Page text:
* Based on “The Upside of Acute Stress” by Kristin Sainani, Ph.D. Stanford Magazine, May/June 2014, pp 50-53
Stress stories almost always begin with “There you are stuck in traffic. You can feel your blood pressure rise and hear your rapid pulse thumping in your ears.” Traffic, Ha! Here in the Northland we are blessed with scenic Lake Superior and an absence of traffic stressors. We think we are much better off without stress. But not so fast! Recent scholarly research portrays stress with a positive aspect when viewed in a model containing good stress, tolerable stress, and toxic stress.
There is an important difference between acute and chronic stress, with poor health more often happening under conditions of chronic stress. That’s not surprising, but in controlled studies using temporary acute stressors there were positive gains in healing rate and heightened immunization antibody response. How come? One plausible explanation is that acute stress is beneficial when interspersed among periods of low- or no-stress.
We’ve all learned that increased exercising helps remove perceived stress, but the actual working mechanism may be at odds with conventional wisdom. Exercise may work by being a short-term stressor wedged between pre- and post-periods of rest. That means physical exertion has the dual benefit of an applied stressor and its removal a zone of calm. Referring back to urban, rush-hour traffic, if you are stuck for just a short time followed by smooth-flowing, comforting traffic, then you have just experienced a good-good stress experience.
Another twist in the good-stress paradigm occurs in positions of leadership where it is assumed that high-demanding leadership roles are high-stress jobs. Not always! If a leader has a very demanding position but also has a high perceived autonomy, then the tide of stress changes. Such leaders manifest lower resting cortisol and self-reported anxiety when compared to a comparable group of non-leaders. These leaders appeared to be more taxed as inferred from their significantly lessened sleep time per night, but it is the quality of sleep that matters more than sleep duration. Also, stress levels for these leaders was directly associated to their greater sense of control.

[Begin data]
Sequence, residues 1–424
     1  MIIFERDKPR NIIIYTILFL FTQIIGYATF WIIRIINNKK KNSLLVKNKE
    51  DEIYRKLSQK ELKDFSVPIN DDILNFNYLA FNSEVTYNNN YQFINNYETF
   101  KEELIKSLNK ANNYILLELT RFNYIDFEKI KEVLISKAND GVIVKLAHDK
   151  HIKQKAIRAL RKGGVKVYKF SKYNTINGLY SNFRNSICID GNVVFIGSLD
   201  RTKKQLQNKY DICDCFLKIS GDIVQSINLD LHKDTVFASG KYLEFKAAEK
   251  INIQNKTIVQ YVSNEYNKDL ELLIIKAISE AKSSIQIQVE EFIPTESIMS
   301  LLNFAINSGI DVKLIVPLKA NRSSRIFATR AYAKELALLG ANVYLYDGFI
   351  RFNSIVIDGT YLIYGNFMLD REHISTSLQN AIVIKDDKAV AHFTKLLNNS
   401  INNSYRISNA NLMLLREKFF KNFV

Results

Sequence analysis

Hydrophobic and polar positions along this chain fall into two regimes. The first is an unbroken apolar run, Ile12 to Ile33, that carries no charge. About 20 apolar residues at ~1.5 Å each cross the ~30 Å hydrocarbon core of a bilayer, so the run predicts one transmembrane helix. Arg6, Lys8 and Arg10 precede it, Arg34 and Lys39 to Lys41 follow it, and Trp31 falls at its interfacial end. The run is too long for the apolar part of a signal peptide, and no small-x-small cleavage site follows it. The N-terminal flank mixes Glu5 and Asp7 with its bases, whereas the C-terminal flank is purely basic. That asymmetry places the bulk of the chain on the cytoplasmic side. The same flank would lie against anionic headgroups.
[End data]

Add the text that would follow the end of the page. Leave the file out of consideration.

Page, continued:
So maybe stress can be both a wellness opportunity and a health threat. It all depends upon where you are located on the Good Stress/Bad Stress scale. As can be seen in the “smiley-faces stress chart” five factors are associated with the level of health that stress can promote or impede:
– GOOD; Acute (minutes to hours)
– BAD; Chronic (days to years)
– GOOD; High Autonomy;
– BAD; Lack of Control
– GOOD; Increased Immune Mobilization,
– BAD; Suppressed Immune Mobilization.
– GOOD; Sustainable Physical Exertion,
– BAD; Hypertension, Heart Attack, Stroke
– GOOD; Neuroplasticity
– BAD; Decreased Cortical Function
Duration and Psychosocial factors are observable for us. That is, we get the opportunity to sense, perceive and possibly comprehend the message, should we choose to do so. But we don’t choose to say “I know how to solve this situation.” Instead we observe the stressful event and utter the wishful question “Will this ever end?” The habit of wishful thinking produces stress!
Wishes become habitual responses to big parts of life. Response habituation brings with it resistance and defensiveness that stops wishes from turning into dreams then plans then goals. Logically, wishful thinking makes little sense. Emotionally, wishful thinking offers “escape” and stress is all it costs you.
Of course, staying with your same old habits is comfortable. “Don’t Worry, Be Happy, Die Too Soon” can be your life’s jingle. And the three factors outside the realm of your personal consciousness won’t disturb you until it’s too late to change. The moral of this stress story: It’s your stress and your decision. As Dr. Kelley McGonigal, health psychologist and Stanford lecturer, observes: “In a way (a little good) stress is a kind of engagement with life.”
NOTE: Dr. Al is a graduate of Stanford (Class of ’64) and proud of it.